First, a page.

World-leading materials research at NUS

In the Nature Index 2021 Materials Science supplement published on 30 June 2021, NUS was placed 7th in the world for its materials science research output. This prestigious supplement examines how researchers are rethinking the nature and potential of materials to drive advances in manufacturing, drug discovery, product design, and more. NUS is the only university from Singapore in the Top 10 of the Index.

We highlight a selection of the pioneering scientists of CA2DM and their innovative research.

Professor Antonio Castro Neto

Professor Castro Neto is interested in the synthesis, characterisation and creation of new devices based on 2D materials. In addition to 2D materials he is also an expert in strongly correlated materials and disordered magnetic systems

A pioneer in the field of atomically thin materials is Professor Antonio Castro Neto, Director of the NUS Centre for Advanced 2D Materials (CA2DM). The CA2DM was established in 2010 for the conception, characterisation, theoretical modelling and development of transformative technologies based on 2D crystals, such as graphene.

Prof Castro Neto, who is also a Distinguished Professor at NUS Physics and NUS Materials Science and Engineering, as well as a faculty member at NUS Electrical and Computer Engineering, is an expert in all aspects of graphene. He further described the unique advantages that 2D materials offer, “They have physical and chemical properties that normal three-dimensional materials do not have — such as extreme quantum behaviour. Meaning the electrons in these materials behave like waves, not particles.”

These extreme quantum behaviours could create the next generation of electronic components with revolutionary capabilities, and 2D materials like graphene are already being used in the development of quantum computers.

“New materials are the basis for the Industry 4.0,” said Prof Castro Neto, explaining the importance of materials research. “Advances in nanotechnology, biotechnology, quantum computing, artificial intelligence, 3D printing and the Internet of Things (IoT) all require new materials. These new materials then impact fundamental areas such as electronics, food, water, the environment, energy and more,” he stated.

He recently led a team to create a new class of intelligent materials that has the structure of a 2D material, but behaves like an electrolyte. Known as “2D-electrolytes”, the materials could open up a new way to deliver drugs within the body as well as other exciting applications. The results were published in Advanced Materials on 12 May 2021.

Professor Kostya Novoselov

Professor Novoselov is a Nobel Prize-winning scientist, specialising in the areas of condensed matter physics, mesoscopic physics and nanotechnology. One of his latest research interests is the design and synthesis of new functional intelligent materials inspired by the natural operation of living organisms

One of the most important materials research advances of the 21st century was the isolation of graphene — the world’s first two-dimensional (2D) material. Since this breakthrough, research into 2D materials has flourished, and ground-breaking applications have emerged in areas such as photovoltaics, semiconductors, electrodes and water purification.

The discovery of 2D materials is co-credited to Professor Sir Konstantin Novoselov jointly with Professor Sir Andre Geim and the pair were awarded the 2010 Nobel Prize in Physics for this immense achievement. Prof Novoselov is now the Tan Chin Tuan Centennial Professor at NUS Materials Science and Engineering and continues to investigate this rich research area.

At just one atom thick, 2D materials are as thin as materials can possibly be, and today, approximately 700 stable 2D materials have been predicted, with many remaining to be synthesised. Of this vast range, “Different 2D materials hold different properties. They can be metals, semiconductors, superconductors, ferromagnets, and more,” Prof Novoselov explained.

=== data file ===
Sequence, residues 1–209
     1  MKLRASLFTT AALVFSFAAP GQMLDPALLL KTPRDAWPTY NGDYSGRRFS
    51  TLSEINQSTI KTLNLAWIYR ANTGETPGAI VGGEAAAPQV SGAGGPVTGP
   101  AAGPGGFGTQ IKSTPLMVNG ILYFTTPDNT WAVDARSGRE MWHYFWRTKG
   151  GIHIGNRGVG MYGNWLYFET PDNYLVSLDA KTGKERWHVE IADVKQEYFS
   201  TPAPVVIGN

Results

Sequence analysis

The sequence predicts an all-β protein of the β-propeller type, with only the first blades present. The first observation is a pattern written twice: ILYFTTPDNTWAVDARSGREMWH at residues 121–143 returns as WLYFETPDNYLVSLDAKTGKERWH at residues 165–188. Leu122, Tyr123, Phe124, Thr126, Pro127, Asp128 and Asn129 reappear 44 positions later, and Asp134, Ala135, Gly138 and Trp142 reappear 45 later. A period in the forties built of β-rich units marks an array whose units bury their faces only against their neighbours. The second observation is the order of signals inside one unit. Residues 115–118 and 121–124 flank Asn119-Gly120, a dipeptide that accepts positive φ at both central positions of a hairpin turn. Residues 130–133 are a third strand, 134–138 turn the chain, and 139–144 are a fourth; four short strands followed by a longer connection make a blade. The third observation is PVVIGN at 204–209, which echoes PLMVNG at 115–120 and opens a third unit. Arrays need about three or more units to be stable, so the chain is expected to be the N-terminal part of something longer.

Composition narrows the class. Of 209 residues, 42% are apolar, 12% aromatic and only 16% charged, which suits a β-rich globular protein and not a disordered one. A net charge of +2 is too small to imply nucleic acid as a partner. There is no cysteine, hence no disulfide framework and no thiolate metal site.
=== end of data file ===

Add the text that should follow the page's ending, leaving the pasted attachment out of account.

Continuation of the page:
This range of remarkable properties mean that 2D materials can be applied in numerous areas. “Our 2D materials are being used for a variety of applications, from energy solutions to composite materials, from printable electronics to optoelectronics,” he said. What’s more, Prof Novoselov’s latest research combines 2D materials and the principles which govern living matter, to develop new functional intelligent materials with bespoke properties. These bio-inspired materials could have applications in everything from artificial neural networks to smart membranes.

Professor Barbaros Özyilmaz

Professor Özyilmaz’s research interests range from fundamental studies of spin, charge and phonon transport in 2D materials, to the development and facilitation of 2D materials such as graphene in biomedical and energy storage applications

Among his many research interests, the Head of NUS Materials Science and Engineering, Professor Barbaros Özyilmaz, is focussed on accelerating the widespread adoption of graphene and other 2D materials into industry.

2D materials can generally be described as perfect crystals of atoms regularly spaced in an atomically thin sheet. While this fundamental structure gives 2D materials their incredible electrical and mechanical properties, it currently makes them costly and tricky to scale up for many industrial applications. Therefore Prof Özyilmaz, who is also from NUS Physics and CA2DM, investigates how to make 2D materials more robust.

Through his cutting-edge research, Prof Özyilmaz recently discovered that 2D materials could be synthesised in such a way that they are amorphous films rather than crystals. These amorphous 2D films still have some of the desirable properties of crystalline 2D materials, but are much more hardy, and cheaper to make. “Our amorphous films can be synthesised at much lower temperatures because they don’t need to be perfect in terms of the crystal structure,” Prof Özyilmaz said.

This breakthrough is a leap forward in making 2D materials generally viable for industrial applications. “These amorphous films focus on a subset of 2D material properties, and sacrifice the rest, to ensure that they are more scalable, processible and manageable in terms of risk for industry,” Prof Özyilmaz explained. This novel discovery was published in the journal Nature last year, and is of great interest to many companies by providing a shortcut to the commercialisation of graphene.

Professor Lim Chwee Teck

Professor Lim works with an interdisciplinary team of engineers, biologists and clinicians to address important scientific and biomedical problems relating to human diseases. In particular, he conducts mechanobiology research on diseases associated with cancer, malaria and bacterial infection so as to provide new insights and to better understand their pathophysiology